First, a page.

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Mirabaud Sustainable Cities

France’s unique real estate dynamics

While the commercial real estate market has suffered depreciation, the Mirabaud Sustainable Cities strategy targets a niche section of the residential market, which benefits from four unique performance drivers that are keeping demand resilient and pricing attractive.

The two dominant macro headwinds impacting the French real estate market are increasing mortgage rates and tightening credit supply.

Mortgage rates have increased rapidly over the past 12 months. In response, French banks have tightened lending criteria and reduced mortgage approvals, constricting the credit supply.

Banks are reluctant to grant mortgages in an environment of rising refinancing costs. Mortgage approval rates have fallen by c.40% since the beginning of the year and sales to private individuals have dropped in response, notably in the EUR6000-14,000sq/m price bracket. Demand has remained resilient below the EUR6000sq/m price point. Above EUR14000sq/m, buyers are typically mortgage free and therefore unaffected by interest rate rises.


Despite these macro headwinds slowing demand in some areas of the real estate sector, the Mirabaud Sustainable Cities strategy remains resilient. Here's why: 


1. Low inventory

The primary factor that can decrease real estate prices is excess inventory in the market.

In the energy-efficient, new-home sector that we focus on, unsold inventory levels are extremely low – approximately 3500 completed homes as at the end of 2022, or c.3% of the typical annual sales volume.

As such, there is no significant inventory stockpile in our sector, hence we do not anticipate any sharp decline in new-home prices.

Why is inventory so low?

Most of the supply in the market comprises projects offered off-plan, not built. In the context of reduced sales pace, there has been a sharp drop in the volume of programme launches. Developers have cancelled a number of launches to protect their working capital. Given the market is driven by off-plan sales, having developers cancel projects ahead of launch doesn’t negatively impact the sector.

As such, the consequence of a tighter credit market is a consolidation of build programmes, not a surplus of unsold inventory or negative price implications.


2. Government-instructed purchases

The French government has instructed the largest social housing (SH) operators to buy housing programmes off-plan from developers. The number of homes that will be bought by SH operators from developers across 2023 and 2024 is projected to be c.47,000 units per annum.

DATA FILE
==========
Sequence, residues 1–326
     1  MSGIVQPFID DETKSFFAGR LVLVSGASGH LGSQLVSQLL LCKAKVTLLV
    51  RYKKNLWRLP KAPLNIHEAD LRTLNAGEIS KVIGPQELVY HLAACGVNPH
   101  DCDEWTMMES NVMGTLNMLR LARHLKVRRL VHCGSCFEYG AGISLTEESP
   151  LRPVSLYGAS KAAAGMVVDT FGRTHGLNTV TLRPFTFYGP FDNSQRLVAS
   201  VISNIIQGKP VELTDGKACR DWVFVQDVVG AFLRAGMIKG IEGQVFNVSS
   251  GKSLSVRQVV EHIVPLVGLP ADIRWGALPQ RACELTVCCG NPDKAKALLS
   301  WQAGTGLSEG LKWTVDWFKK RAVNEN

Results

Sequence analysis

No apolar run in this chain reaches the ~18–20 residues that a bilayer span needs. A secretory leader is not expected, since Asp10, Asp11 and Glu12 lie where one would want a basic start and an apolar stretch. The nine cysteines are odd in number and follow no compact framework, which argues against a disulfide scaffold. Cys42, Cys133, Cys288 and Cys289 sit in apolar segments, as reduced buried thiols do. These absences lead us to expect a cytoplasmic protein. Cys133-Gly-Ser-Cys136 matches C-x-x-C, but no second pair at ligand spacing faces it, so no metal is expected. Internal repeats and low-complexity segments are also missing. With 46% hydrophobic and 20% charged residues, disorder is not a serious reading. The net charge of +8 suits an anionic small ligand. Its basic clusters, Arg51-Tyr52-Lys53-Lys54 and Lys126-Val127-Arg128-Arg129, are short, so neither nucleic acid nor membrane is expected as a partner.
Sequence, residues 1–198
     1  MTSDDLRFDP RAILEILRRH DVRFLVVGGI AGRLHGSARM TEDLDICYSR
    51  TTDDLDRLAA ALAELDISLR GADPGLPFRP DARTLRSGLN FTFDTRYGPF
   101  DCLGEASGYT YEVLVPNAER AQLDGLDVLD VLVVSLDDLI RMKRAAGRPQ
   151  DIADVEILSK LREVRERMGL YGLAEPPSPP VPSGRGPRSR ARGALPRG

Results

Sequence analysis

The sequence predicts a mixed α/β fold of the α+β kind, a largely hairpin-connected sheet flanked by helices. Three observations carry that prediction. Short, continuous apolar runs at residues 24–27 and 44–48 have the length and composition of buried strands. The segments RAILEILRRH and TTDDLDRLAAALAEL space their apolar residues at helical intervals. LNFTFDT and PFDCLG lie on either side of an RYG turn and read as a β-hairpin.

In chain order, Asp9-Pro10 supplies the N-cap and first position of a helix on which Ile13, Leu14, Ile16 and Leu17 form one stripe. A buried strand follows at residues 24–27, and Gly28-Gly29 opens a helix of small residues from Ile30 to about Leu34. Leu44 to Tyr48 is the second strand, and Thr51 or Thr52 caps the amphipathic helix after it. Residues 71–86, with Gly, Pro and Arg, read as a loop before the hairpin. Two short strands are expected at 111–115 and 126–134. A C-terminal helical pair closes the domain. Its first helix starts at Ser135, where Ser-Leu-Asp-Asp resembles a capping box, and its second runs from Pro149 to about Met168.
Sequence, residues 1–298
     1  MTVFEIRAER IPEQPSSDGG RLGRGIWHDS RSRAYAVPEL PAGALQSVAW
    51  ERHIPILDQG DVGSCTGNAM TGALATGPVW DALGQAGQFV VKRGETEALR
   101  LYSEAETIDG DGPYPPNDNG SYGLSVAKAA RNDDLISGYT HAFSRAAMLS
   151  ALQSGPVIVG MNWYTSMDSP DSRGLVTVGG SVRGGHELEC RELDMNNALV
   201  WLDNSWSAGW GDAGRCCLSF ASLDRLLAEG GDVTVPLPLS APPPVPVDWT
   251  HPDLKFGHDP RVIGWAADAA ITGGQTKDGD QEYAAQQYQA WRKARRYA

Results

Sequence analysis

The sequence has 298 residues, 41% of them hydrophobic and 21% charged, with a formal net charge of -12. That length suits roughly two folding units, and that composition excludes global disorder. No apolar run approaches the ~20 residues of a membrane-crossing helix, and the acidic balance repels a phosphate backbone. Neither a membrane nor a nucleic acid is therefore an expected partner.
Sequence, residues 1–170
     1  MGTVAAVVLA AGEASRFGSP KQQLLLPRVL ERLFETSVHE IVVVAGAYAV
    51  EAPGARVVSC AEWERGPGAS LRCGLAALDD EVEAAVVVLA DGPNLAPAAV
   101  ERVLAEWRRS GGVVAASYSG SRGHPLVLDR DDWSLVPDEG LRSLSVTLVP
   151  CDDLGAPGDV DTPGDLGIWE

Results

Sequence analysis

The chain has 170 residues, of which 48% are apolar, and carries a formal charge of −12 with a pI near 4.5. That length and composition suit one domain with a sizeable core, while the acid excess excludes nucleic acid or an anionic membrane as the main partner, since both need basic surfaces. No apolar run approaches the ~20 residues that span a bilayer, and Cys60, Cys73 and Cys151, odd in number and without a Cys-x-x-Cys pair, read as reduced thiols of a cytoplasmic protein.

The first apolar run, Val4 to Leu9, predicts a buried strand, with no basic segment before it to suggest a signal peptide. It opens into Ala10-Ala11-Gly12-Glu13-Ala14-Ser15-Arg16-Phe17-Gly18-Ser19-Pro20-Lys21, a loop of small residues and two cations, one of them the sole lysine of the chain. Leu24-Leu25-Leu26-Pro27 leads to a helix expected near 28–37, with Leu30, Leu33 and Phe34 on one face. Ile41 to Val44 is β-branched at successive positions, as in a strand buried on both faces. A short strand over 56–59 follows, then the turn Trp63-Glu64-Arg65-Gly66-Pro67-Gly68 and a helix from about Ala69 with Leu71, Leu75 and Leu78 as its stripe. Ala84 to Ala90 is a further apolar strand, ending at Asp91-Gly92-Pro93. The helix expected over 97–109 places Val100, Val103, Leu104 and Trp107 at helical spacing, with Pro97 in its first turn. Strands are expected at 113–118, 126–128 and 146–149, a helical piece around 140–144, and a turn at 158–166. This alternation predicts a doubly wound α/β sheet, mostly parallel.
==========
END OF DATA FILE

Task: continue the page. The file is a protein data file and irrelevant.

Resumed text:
Average annual sales of new homes are c.100,000 units, and SH operators are expected to purchase c.47,000 units, of which only 3,500 exist as available inventory today. That leaves only c.50% of the average supply available to the rest of the market – or six months’ worth to cover a 12-month period. This government-imposed demand is creating a unique dynamic in the new-home sector.


3. Evolving buyer base

Reflecting point 2, we are witnessing significant change in our end-buyer base. While the market is seeing fewer sales to private individuals, SH operator demand is increasing, as are sales to institutional buyers. Institutional buyers – typically life insurance companies and pension funds – are looking to replace office buildings within their portfolios with residential developments.

We are positioned in a market where supply remains very limited and continually decreasing as demand shifts from private individuals to large institutional buyers.

Our buyer base of life insurance companies and pension funds are eager to invest in new-build programmes in order to avoid the capex commitment associated with purchasing existing building stock that requires extensive modifications to meet energy efficiency regulations. The supply of such buildings is limited, hence we believe we are perfectly positioned within the market.


4. Office to residential opportunity

We anticipate a surge of office buildings, many in prime locations, being sold at attractive price points by institutional owners for redevelopment into residential properties. The occupancy rate of office buildings has decreased significantly with the rise of working from home post-Covid.

Additionally, the implementation of energy efficiency regulations, mandated by French law, has significant capex implications.

These buildings are typically coming to market because of financing issues – either the owner can no longer raise sufficient equity to maintain custody of the asset, or because the banks that finance the buildings impose higher margins or lower loan-to-value ratios.

For some commercial building owners, this combination of low occupation, significant upgrade expenditure and reduced credit availability is causing forced sales.


Click here to learn more about the unique French real estate investment opportunity we are harnessing in Mirabaud Sustainable Cities.


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